JDD Were you always drawn to Carroll’s work?
DDT Not always. When I first looked at Alice in Wonderland, I said to myself, these poems are too slight—not enough to work with. Then I discovered Martin Gardner’s Annotated Alice, which makes clear that all of the Carroll poems are also parodies of existing Victorian ballads; those are in Gardner’s book too. This seemed unique. I’d never set a poem that had its parody written. So, then, I began …
JDD Did your process change over the course of 20 years?
DDT Yes, definitely. Gradually I was drawn into the story behind the story—why Lewis Carroll wrote the book and for whom. This eventually led me to his infatuation with Alice Pleasance Liddell.
DDT Lewis Carroll adored little girls. And this was not without its sexual aspect. He had a whole series of them, but Alice seemed to be his favorite. When I came to write Final Alice for the US Bicentennial in 1976, I’d just discovered the love interest and I wanted to put that into the story-setting as well. I felt I needed a new kind of music to show this real Lewis Carroll. And so I instinctively went back to the music I love most—to tonality—the language of Schumann, Chopin, Brahms, which I’d played as a kid. In 1974, this was an unheard of thing to do.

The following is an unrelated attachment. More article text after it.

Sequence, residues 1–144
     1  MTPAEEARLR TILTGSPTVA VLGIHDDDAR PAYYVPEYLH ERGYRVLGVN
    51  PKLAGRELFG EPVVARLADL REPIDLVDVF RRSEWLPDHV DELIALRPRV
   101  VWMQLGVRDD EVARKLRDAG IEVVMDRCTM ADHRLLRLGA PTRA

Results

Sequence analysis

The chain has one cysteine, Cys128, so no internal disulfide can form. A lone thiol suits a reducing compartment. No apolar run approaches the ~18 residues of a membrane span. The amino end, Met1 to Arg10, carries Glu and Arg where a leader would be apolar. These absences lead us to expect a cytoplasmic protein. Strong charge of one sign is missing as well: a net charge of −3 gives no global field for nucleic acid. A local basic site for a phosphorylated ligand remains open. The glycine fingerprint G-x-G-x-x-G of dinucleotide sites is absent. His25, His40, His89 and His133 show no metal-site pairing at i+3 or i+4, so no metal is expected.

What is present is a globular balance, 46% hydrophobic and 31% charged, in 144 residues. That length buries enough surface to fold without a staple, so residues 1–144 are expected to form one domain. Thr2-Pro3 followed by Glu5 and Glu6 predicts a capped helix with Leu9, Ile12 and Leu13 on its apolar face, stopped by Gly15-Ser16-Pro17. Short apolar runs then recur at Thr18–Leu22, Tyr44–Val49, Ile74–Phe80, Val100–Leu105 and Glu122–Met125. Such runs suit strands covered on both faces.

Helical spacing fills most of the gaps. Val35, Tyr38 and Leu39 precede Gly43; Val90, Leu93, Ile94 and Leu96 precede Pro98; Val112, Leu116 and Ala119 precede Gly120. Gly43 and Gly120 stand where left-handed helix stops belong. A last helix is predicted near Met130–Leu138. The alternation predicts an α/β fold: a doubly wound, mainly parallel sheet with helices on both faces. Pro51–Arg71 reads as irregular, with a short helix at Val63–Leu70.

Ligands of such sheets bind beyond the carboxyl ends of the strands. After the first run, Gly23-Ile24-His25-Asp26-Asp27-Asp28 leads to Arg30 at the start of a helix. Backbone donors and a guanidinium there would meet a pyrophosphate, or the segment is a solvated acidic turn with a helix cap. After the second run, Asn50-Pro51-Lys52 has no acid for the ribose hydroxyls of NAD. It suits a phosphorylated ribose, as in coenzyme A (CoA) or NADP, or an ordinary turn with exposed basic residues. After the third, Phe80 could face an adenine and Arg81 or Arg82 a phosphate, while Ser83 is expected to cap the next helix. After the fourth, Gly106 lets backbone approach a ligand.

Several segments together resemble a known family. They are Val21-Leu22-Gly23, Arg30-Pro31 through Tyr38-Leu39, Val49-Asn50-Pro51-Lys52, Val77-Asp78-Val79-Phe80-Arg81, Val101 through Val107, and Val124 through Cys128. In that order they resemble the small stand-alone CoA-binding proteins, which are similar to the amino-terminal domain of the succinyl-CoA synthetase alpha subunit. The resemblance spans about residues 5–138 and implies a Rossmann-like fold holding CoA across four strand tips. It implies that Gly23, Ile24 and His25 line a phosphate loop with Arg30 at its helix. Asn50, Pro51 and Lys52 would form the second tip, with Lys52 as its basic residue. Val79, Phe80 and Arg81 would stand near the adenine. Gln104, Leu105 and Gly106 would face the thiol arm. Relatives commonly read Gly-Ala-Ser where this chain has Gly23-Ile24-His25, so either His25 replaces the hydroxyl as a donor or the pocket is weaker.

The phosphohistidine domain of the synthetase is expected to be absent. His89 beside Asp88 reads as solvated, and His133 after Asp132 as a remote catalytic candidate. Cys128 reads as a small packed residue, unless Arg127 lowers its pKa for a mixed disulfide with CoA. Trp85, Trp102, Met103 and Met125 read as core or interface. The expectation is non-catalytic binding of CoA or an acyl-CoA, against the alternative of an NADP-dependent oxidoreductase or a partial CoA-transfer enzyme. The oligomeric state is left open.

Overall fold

JDD Did you make that break from atonal to tonal music all at once?
DDT No. I dared to do it only step by step. I allowed the “needs” of the story to guide me, to hypnotize me. For example, in my piece Vintage Alice, there’s a little Carrollian ditty: “Twinkle, twinkle, little bat, how I wonder what you’re at,” which of course parodies the Victorian poem, “Twinkle, twinkle, little star … ” This “Twinkle” poem, I felt, could not be separated from its famous “Twinkle” tune—so, you see, I had to use a tonal bit! However, in the early pieces—Pop-Pourri, Adventures Underground, An Alice Symphony, the tonal music would emerge, then recede behind a more dissonant scrim of notes—”proper” atonality restored. It was like opening the window for a moment, letting tonality in, then shutting it again. That was still okay.